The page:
Slovenia’s COVID Numbers Continue Falling

By , 18 Feb 2021, 13:41 PM Lifestyle

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STA, 18 February 2021 - A total of 872 people tested positive for coronavirus in Slovenia on Wednesday as the rolling 7-day average of new cases dropped to 768, data released by the government show. A further ten patients with Covid-19 died.

The latest case count marks a decline of 36% from Wednesday a week ago. The cases were confirmed in 4,271 PCR tests for a positivity rate of 20.4%. The count includes retested positives suggested by 24,005 rapid antigen tests.

Hospitalisations kept declining further, dropping by 29 to 619 as 61 patients were discharged and 42 were newly admitted. The number of patients in intensive care units fell by ten to 116.

To move from orange to yellow tier of coronavirus restrictions under the government plan, hospitalisations would have to fall below 500 and the 7-day average of new confirmed cases below 600.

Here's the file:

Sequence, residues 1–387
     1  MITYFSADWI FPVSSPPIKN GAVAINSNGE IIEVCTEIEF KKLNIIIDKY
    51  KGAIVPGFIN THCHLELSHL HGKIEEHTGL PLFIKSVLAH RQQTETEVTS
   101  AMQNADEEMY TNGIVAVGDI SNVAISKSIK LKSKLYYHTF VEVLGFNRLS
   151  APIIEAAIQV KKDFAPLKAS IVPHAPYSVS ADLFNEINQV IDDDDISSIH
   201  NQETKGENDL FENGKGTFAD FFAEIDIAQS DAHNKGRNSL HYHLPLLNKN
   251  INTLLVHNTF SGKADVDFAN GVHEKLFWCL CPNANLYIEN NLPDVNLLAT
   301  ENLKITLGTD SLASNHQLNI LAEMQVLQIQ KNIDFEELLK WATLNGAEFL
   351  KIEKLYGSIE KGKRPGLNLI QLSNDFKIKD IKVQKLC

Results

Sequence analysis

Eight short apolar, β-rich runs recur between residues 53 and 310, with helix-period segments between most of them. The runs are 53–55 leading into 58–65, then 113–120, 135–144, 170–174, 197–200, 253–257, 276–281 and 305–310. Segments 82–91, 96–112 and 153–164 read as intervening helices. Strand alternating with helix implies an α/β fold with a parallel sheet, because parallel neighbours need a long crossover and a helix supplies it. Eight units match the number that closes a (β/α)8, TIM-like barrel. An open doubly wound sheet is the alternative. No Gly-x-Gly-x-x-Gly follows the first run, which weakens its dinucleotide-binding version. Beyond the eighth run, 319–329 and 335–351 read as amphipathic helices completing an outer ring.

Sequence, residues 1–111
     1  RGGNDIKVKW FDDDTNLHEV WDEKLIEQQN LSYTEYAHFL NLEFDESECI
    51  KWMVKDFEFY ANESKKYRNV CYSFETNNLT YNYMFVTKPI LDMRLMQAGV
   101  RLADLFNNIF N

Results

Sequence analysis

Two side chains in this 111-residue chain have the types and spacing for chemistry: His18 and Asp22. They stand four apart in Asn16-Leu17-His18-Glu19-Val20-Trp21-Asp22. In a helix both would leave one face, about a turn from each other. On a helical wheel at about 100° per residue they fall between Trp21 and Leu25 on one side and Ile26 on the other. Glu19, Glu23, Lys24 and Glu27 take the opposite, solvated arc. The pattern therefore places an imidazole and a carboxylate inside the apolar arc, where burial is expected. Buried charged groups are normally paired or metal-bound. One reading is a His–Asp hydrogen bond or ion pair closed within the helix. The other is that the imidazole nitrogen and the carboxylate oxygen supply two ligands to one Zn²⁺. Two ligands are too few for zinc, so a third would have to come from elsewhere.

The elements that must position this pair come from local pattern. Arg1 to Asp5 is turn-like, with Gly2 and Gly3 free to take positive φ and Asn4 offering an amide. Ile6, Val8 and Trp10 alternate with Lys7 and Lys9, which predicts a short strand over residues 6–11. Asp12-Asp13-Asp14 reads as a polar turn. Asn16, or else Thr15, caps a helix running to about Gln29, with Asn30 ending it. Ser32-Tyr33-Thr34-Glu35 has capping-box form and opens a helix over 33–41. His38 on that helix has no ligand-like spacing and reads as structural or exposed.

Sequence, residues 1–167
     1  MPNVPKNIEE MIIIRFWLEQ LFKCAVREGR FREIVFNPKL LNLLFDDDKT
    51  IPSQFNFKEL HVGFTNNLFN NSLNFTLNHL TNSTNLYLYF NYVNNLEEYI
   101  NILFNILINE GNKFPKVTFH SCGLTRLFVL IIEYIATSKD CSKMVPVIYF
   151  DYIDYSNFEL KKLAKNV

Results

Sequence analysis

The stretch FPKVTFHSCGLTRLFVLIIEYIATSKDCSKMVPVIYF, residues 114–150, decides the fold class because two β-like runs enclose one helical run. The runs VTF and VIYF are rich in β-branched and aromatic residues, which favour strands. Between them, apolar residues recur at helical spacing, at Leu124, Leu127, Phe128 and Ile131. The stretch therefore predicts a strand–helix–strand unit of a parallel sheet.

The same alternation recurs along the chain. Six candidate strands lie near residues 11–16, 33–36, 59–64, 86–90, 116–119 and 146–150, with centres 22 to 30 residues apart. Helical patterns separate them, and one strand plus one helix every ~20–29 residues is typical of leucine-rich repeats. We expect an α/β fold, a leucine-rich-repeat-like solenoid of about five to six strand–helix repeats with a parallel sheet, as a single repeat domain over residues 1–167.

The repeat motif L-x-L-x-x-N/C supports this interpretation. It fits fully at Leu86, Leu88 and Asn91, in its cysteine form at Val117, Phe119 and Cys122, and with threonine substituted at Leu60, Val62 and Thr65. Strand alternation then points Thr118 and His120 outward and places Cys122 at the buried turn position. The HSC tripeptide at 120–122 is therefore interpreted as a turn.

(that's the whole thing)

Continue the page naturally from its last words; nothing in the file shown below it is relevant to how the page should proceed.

Slovenia has so far reported 182,484 coronavirus cases with an estimated 11,234 still active, data from the National Institute of Public Health (NIJZ) shows.

According to tracker site, a total of 3,755 Covid-19 patients have died.

The cumulative 14-day incidence per 100,000 residents is 532 and the 7-day incidence is 256, according to NIJZ. The highest incidence is in the Obalno-Kraška region, at 710 and 397, respectively.

Commenting on the situation at the daily press briefing, Bojana Beović, the government's chief Covid-19 adviser, noted that the improving epidemiological situation was the product of measures that were in force ten to 14 days ago.

The figures do not reflect the recent easing of restrictions, she said, warning that any premature or too extensive relaxation could trigger a third wave, even without an outbreak of the more virulent variants of the virus.

"All the paths are still open, the epidemic is not over yet," said the infectious diseases expert, who will take over as the head of the Medical Chamber following today's confirmation and will thus no longer head the Covid-19 advisory group.

She is particularly concerned about the South African variant, which she said was in fact a new disease. Those who have recovered from coronavirus are not immunised against this variant and likewise are the Covid-19 vaccines so far approved by the EU not effective against it.

On a positive note, she said sample analyses so far indicated the country had managed to control the UK variant. She also believes that immunity acquired through infection has a major role in curbing the epidemic, along with precautionary measures.

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